THE GERMAN CHURCHES
[To the Editor of THE SPECTATOR.] hope that you are right in your expectation that Herr Kerrl's speech heralds considerable relief to the churches in Germany, but the report of this speech, as given in The Times, affords, I think, more ground for anxiety than for. hope. That Church supplies are to be cut off is clear ; that the Church is not to be separated from the State and given freedom is equally clear. There is no indication that the Confessional Church in Prussia will be allowed legal existence, no indication of the withdrawal of State interference with strictly religious matters in the Church.
Herr Kernl said that" the State had only one object in view— the complete security of religious freedom." If this is the object of the State, why has Pastor Niem011er been kept in prison some six months without trial ? Again, some 620,000 copies of Dr. Rosenberg's new treatise against the Protestant Church have been sold ; Dr. Kiinneth's reply on behalf of the Protestant Church was seized before it was published, and the publishing house has been closed by the police (November r6th).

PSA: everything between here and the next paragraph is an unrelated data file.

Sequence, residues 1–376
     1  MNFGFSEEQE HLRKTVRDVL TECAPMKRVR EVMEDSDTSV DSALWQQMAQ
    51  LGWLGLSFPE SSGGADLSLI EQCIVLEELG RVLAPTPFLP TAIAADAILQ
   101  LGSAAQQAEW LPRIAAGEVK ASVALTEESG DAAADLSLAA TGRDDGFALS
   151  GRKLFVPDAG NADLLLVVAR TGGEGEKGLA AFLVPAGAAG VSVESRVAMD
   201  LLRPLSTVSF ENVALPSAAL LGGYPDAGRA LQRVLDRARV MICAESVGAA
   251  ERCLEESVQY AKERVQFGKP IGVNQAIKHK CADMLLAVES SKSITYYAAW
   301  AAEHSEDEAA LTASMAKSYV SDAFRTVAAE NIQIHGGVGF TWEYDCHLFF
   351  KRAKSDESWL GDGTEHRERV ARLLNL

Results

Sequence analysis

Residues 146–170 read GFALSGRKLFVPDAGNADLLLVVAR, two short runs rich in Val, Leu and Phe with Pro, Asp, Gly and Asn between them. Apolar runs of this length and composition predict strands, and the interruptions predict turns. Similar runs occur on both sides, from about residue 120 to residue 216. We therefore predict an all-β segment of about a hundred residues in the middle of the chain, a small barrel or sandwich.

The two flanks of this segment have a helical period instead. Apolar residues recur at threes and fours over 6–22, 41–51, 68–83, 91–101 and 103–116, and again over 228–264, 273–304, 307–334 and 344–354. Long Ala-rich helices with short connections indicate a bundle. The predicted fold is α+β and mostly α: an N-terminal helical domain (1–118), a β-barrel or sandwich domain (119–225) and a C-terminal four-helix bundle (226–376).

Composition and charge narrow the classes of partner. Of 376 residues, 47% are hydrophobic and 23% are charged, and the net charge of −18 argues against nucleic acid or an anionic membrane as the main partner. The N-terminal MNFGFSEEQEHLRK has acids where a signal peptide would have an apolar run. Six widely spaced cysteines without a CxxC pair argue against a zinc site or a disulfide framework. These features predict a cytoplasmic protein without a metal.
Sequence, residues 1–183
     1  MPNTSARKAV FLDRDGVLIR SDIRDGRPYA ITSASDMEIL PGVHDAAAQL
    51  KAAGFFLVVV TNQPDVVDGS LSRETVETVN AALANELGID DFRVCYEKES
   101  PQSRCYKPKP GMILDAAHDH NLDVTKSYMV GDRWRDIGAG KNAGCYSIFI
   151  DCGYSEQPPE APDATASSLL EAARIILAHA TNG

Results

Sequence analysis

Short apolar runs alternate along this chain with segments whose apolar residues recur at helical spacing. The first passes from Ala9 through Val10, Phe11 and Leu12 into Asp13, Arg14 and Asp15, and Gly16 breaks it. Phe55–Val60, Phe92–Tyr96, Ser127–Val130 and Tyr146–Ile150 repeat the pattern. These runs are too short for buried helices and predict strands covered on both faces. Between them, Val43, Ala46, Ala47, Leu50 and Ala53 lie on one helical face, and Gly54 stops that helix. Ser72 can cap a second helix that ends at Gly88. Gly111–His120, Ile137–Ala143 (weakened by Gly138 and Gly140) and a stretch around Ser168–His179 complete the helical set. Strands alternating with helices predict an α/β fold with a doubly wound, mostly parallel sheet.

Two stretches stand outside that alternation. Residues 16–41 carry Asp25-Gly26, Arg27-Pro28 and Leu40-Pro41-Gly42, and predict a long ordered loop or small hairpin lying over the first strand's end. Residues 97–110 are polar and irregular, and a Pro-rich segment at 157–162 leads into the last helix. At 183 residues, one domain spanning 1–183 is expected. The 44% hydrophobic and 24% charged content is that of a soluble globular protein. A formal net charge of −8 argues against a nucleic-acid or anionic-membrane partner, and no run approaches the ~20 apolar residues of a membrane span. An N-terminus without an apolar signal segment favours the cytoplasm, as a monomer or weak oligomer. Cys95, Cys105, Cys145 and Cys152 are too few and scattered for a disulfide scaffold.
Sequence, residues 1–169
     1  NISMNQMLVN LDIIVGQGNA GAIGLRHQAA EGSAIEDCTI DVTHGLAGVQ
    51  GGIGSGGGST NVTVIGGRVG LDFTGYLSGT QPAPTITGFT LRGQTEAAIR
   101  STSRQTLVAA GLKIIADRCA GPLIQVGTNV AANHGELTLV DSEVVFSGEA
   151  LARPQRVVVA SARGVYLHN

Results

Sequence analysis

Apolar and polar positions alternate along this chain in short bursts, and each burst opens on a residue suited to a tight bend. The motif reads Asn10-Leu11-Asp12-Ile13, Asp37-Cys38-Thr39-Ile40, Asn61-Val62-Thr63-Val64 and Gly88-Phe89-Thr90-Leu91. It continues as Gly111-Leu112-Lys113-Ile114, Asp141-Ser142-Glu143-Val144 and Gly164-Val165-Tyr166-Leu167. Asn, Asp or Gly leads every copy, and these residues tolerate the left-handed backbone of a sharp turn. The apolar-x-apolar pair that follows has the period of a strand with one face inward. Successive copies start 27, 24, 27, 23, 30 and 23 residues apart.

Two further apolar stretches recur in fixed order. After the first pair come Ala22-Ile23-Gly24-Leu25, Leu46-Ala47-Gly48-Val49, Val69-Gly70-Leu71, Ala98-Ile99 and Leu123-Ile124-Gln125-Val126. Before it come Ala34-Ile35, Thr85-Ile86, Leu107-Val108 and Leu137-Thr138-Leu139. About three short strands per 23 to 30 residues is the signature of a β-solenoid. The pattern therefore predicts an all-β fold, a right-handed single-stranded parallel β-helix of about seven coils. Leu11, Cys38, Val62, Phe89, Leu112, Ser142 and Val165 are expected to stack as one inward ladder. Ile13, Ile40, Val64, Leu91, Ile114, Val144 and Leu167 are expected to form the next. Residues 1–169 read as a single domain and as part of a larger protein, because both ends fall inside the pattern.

It is in the light of such facts as these that Dr. Kern's talk af freedom is to be interpreted.
Religion in the sense of pious experience or either-worldly hope is free in Germany. If a church or pastor, however, should express in the name, of religion any view at variance with the Weltanschauung a the Party, it is by the laws against Communism, not by lasis against religion, that action is taken against him. If the common courts will not convict, special courts must be set up. Hence the long delay in the trial of Dr. Niemoller for high treason. Thera is no indication what- ever that Herr Kernl is offering what we mean by religious freedoin.—your obedient servaiat?. NaTammt. MicicLara. Mansfield College, Oxford,